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Standing My Ground

Rina Haller –

For each inch gained, it feels as if a centimeter is lost. As I store away seforim from a year and a half of learning in Yerushalayim, I am preparing myself to leave. Seeing friends drive off, as shana bet students leave to their families, creates gaps in those standing behind. We keep learning how to move forward together even when apart; for the unexpected plummets us forward and we have to stick the landing. The memories created in the final moments are always the sweetest, as I’ve learned. The people we are as we board the plane should be proud of what we have accomplished. There are days to be sick, there are days to reach out, there are days to pray like never before—and only this combination of moments, this beauty we uncover slowly, this is who we become and who we truly are.
From the muddled teenagers dreaming of soaring high to the polished adults we now aim to be, one can only point and wonder. The battle scars and tears are wounds we carry with pride. To describe a process I used to scorn, its a way to reveal the gold under the wrapping. Our lists of “I will nevers” are burnt and no one can turn back now. Somehow, the chinuch system has developed a way to save us from ourselves. Yes, the crossroads drag deep lines and to feel isolated is to congregate with those bidding a past lifetime farewell. We are easily unrecognizable but happier individuals.
Yet while life to us seems like a return to normalcy, the world is sinking into deeper chaos. One of the focal points in growth for students in yeshiva or seminary is frequent visits to the Kotel. In the recent months, there has been much noise clouding a peaceful Rosh Chodesh morning. One of the few positive outcomes of the court decision last spring ruling police to not arrest The women of the wall is out of protest, the charedi women come in hordes.
And like these Jews trying to make a difference, our teachers have acted valiantly as well. Even when it appears not much is being internalized, I can see the change on the smiles I have come to know well. Living in a dorm, one goes to sleep with their friend snoring two feet away and wakes up to the ring of the roommates’ alarms. The struggle you confine to your innermost heart, it’s etched on your face. As much as this is a way to get westernized Jewish souls that will lead the next generation to bear the torch of Yiddshekeit properly, these schools form the most impactful friendships. The person who cares for you when you can’t move, the love you feel when your friend schleps you food from the makloet and buys you ice cream when you just want to dissolve—these chains will stay unbroken.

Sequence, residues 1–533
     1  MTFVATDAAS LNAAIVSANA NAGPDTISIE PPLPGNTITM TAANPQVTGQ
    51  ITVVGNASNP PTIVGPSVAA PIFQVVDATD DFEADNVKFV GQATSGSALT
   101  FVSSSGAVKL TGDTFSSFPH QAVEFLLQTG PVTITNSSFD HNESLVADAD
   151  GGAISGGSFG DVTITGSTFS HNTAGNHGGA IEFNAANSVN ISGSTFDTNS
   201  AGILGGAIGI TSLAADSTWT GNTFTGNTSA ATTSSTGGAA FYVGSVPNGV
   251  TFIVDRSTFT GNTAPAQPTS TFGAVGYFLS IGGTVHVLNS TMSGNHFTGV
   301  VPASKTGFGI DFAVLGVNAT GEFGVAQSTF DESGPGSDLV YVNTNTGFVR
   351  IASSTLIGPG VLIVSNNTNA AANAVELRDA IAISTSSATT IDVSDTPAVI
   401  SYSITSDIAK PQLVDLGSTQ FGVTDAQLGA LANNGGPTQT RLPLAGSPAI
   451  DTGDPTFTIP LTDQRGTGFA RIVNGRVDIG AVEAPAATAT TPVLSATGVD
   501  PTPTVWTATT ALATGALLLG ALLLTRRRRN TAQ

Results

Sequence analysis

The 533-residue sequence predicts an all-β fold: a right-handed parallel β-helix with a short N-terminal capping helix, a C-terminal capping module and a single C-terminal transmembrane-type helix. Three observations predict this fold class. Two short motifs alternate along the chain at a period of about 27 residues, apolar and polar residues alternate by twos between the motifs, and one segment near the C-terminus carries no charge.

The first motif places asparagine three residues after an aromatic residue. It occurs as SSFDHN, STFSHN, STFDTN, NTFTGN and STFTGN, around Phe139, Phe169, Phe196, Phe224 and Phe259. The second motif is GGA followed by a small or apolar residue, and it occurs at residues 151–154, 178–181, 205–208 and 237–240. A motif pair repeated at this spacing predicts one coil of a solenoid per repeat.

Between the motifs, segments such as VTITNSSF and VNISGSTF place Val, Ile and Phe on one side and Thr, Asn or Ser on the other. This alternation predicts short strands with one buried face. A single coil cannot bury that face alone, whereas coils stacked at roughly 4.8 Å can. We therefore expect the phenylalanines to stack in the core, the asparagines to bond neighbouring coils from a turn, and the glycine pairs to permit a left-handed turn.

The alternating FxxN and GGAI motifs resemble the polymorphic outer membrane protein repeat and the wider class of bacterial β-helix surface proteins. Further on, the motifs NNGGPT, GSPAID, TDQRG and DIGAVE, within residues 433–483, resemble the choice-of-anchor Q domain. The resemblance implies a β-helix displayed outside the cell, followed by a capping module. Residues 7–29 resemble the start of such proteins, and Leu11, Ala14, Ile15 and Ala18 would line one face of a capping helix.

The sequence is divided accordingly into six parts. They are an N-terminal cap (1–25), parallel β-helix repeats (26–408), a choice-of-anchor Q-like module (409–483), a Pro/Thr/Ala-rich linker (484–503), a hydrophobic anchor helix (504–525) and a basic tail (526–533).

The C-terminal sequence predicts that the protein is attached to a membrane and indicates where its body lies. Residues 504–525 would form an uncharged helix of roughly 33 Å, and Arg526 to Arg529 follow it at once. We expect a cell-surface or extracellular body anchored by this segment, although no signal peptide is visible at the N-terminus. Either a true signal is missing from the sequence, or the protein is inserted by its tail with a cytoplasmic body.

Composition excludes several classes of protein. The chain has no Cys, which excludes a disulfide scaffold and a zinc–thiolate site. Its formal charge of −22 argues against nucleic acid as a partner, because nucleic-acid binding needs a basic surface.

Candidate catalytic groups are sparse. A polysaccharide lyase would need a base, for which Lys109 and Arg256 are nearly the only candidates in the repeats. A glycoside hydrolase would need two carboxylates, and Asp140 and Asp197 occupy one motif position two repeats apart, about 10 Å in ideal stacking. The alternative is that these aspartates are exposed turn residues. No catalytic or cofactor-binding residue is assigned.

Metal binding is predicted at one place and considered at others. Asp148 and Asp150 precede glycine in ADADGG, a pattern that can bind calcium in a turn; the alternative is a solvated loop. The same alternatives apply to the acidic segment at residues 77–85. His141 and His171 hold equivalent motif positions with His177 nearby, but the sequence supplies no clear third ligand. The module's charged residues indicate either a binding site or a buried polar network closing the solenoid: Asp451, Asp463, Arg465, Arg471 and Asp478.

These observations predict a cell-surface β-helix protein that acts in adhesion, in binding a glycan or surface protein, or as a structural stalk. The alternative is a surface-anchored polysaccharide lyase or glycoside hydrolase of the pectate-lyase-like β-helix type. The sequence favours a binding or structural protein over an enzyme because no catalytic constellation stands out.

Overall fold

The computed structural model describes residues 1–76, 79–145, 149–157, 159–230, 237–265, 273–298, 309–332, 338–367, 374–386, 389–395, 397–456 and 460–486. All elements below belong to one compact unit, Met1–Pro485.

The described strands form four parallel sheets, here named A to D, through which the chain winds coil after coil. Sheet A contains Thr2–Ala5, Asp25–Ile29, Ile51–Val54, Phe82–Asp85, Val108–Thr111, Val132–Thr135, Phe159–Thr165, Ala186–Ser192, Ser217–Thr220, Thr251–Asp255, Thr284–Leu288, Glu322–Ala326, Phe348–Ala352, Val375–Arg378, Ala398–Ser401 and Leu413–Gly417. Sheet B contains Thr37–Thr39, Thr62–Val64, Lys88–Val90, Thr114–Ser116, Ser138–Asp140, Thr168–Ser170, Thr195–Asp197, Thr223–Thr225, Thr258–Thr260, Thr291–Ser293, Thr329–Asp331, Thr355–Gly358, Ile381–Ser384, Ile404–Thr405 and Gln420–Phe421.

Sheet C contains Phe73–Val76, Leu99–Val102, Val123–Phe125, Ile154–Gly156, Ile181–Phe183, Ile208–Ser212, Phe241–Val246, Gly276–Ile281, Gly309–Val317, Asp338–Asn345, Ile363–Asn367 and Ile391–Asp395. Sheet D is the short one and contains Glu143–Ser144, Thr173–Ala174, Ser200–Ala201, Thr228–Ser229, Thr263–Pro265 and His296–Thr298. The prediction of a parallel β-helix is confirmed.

Its shocking to think how a former stranger now matters so much. And this is the reality many shake off in these upcoming days.
We grab whatever we can, this is it. Graduation in shana aleph is a tease for those who come back. And then we do it again, shana bet mesbiat siyum.
As I stood among a smaller group of friends, it seemed sadder, it seemed more tangible. This has been my life from high school; I have mentally been in Darchei Binah for months before my departure. America feels foreign and cold. There’s no sun in January that questions if I should wear a coat, like Eretz Yisroel has. Our feet have tread on mountains and gas chambers and the pain has varied. If everyone is their environment and I cannot pretend to be an independent thinker, I am glad I let this world fill me.
No one walks into Ben Gurion not wanting to turn back to their life just left. We are ready to move on, but the fear is to lose the clarity we see. We have been gently pushed into writing a letter to our future selves and then in six months, in a year, when all could be lost, there it awaits. The confusion in a first year slightly mirrors the questions as you look around and the stone, the palm trees, and the Crembos are missing. Our carry-ons literally contain the survival—siddurim, notes, and the same seforim I put away.
Who were we all those months ago… look at a picture even from seven months ago, are we those people? Thank G-d we have not been stagnant and we are not those faces that are now only haunting distance memories of lives thought to be lived. Growth is not exclusively attained in these walls and the tools are recorded and available.
You unpack your bags and unburden your soul and then you pack again, to bring it all home. Where ever we are soon to be found, the “Israel” streak will be shine through. With phone calls and Skype, there are promises to never be far.
To permanently build, one initially demolishes any former foundations. Each outstretched hand has made me, has made all those flying off into solid bricks to build homes with Hshem’s help. The hurt of this time will be healed and you sleep through take off. The remaining days busy and strong we stay afloat awaiting visitors. Surprises are yet to come and the shadows follow us home.

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Posted by on January 7, 2014. Filed under In This Week's Edition. You can follow any responses to this entry through the RSS 2.0. Both comments and pings are currently closed.